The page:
As I mentioned before, my life, as of late, has been revolving around crème anglaise which is hardly a bad thing. First it was for a recipe I was testing for a cookbook; then it was for Andrew Scrivani in a kitchen session that involved many, many eggs; then it was back again in my kitchen with more crème anglaise for one of the cookbooks (and that’s not even involving the ice cream book!) At one point in time there were four cartons of eggs in my fridge.
I’ve always liked making custards and have found the process of tempering eggs and slowly thickening the custard on the stove to be a meditative, soothing process. So, the last few egg-yolk-milk-and-cream-rich weeks have hardly been a struggle. The biggest problem I’ve had to face is where to store all the different batches of custard and how not to eat them in a moment of abandon.
At one point, while elbows deep in custard, it occurred to me that the whole île flottante idea, those glorious puffs of steamed (or sometimes baked) meringue floating in a pool of chilled crème anglaise, might be the perfect dessert for a Jewish holiday meal. A post brisket Hannukah, or even more appropriately, a Passover dinner. Without any flour involved, meringue makes for a fitting Passover dessert; there are only so many macaroons you can eat before you long for something more decadent. And while our household is hardly kosher (we made porchetta over the weekend and lobster rolls last night), I like to play by the rules over the holidays, with a dairy-free (and on Passover a flour-free) dessert after a holiday meal usually involving some kind of meat.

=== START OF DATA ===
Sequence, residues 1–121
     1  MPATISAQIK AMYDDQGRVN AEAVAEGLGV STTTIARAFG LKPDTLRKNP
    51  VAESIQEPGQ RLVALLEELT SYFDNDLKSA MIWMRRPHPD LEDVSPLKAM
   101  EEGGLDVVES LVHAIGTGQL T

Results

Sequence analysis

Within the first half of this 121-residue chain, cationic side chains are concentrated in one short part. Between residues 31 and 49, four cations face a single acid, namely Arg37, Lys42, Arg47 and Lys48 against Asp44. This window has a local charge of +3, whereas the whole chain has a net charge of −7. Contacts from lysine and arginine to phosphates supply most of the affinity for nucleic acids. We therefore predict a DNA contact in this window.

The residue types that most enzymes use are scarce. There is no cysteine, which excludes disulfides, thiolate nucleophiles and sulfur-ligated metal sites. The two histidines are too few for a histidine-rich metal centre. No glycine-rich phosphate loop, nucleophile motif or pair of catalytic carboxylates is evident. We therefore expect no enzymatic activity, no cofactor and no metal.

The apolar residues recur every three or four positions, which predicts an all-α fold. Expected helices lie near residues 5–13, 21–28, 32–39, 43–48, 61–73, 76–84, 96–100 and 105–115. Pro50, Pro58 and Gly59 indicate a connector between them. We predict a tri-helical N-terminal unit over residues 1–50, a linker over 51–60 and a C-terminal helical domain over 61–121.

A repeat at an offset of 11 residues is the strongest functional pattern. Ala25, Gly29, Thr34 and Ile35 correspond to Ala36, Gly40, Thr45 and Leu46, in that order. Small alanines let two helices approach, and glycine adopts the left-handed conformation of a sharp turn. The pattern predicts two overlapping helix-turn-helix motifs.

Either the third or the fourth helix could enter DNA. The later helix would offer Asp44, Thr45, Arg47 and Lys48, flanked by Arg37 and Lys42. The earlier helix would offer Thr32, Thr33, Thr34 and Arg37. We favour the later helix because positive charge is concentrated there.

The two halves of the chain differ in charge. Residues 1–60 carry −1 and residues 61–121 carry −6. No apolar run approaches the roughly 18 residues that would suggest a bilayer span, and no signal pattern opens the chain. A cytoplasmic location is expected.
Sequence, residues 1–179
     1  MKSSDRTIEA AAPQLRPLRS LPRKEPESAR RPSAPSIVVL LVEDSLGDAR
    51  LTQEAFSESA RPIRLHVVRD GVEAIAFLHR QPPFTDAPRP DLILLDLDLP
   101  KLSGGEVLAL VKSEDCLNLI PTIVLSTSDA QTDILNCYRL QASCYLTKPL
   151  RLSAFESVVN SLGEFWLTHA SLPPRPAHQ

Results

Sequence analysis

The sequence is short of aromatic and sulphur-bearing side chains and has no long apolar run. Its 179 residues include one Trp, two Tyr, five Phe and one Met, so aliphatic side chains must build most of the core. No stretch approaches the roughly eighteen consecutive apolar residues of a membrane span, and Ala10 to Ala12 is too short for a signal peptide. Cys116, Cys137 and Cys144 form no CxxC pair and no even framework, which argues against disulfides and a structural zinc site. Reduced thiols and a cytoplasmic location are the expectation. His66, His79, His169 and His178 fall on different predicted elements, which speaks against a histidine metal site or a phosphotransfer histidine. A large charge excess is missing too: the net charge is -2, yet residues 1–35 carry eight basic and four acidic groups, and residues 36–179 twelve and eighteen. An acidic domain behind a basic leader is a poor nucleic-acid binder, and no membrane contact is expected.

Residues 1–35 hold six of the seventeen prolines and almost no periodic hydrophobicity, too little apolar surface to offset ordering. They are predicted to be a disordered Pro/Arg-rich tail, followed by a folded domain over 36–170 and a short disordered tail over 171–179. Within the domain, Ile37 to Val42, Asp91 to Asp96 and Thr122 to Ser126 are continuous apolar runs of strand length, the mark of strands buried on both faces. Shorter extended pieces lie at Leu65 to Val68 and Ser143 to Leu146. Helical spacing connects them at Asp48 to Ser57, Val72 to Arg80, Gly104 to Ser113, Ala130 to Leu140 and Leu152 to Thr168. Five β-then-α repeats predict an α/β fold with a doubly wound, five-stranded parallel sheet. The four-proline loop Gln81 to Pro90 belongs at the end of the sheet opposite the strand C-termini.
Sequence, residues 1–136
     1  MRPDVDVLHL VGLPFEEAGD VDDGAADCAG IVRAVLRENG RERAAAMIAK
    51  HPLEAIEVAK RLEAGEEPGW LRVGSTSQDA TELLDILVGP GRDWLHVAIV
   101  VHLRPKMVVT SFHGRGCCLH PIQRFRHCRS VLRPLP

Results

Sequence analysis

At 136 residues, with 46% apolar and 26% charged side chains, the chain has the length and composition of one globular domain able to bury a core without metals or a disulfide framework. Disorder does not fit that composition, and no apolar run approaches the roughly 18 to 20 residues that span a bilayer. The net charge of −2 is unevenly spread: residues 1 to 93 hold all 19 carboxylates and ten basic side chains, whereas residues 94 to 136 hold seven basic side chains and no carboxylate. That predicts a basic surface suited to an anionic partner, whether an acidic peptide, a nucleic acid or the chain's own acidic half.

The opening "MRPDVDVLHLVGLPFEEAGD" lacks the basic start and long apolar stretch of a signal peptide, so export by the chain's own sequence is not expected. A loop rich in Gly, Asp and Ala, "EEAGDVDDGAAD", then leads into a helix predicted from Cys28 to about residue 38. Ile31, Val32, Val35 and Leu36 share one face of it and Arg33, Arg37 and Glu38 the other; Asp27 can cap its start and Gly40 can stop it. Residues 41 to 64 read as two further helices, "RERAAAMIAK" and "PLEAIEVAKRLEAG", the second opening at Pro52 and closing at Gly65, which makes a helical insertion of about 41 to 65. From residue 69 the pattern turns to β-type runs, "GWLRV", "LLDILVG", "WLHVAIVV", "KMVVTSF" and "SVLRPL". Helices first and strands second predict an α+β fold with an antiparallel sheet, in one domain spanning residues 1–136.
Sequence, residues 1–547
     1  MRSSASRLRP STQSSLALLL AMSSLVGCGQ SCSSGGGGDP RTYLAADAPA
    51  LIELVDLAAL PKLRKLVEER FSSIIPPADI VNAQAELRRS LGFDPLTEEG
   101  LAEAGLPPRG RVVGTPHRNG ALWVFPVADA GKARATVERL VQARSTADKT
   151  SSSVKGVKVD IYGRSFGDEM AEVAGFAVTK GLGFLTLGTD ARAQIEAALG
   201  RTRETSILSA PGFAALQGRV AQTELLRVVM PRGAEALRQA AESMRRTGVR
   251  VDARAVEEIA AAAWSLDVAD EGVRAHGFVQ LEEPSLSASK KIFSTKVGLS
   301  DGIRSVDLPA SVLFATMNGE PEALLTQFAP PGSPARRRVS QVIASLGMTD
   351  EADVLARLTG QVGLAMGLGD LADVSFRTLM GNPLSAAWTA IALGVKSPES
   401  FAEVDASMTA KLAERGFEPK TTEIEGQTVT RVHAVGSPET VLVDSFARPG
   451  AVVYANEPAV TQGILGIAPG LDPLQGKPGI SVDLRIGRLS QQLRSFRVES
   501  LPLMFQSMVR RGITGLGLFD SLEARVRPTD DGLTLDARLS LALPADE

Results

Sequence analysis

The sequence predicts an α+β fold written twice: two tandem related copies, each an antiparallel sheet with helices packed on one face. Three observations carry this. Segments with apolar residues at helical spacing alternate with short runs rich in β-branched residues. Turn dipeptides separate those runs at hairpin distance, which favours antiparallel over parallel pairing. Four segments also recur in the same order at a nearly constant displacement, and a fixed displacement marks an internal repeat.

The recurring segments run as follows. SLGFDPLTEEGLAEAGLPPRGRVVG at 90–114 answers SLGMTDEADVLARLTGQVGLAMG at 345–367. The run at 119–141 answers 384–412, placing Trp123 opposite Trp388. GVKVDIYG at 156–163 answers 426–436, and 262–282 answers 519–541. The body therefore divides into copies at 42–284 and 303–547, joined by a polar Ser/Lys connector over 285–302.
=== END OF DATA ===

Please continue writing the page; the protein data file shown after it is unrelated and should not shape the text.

I had read about île flottante in various French-focused cookbooks, and I recall Julia Child talking about it on her show. The mere name sounded so fancy, so unattainable, so old-school French. Like a croquembouche, île flottante was old France. And whereas tarte tatin somehow made it to the foreground of modern and homey desserts, île flottante seemed to have been left behind. Was it because it sounded fussy and complicated, so French in its name? I’m not sure, but I’ve recently discovered it’s rather simple to make. In fact, I’ve been wondering why this dessert isn’t served more often. This is the kind of thing you serve and your guests’ eyes widen, awestruck, and they possibly cannot believe you when you say it was easy. They might even think you’re being coy and fishing for compliments, and the more you protest and try to tell them this dessert is, indeed, easy, the more they might find you insincere.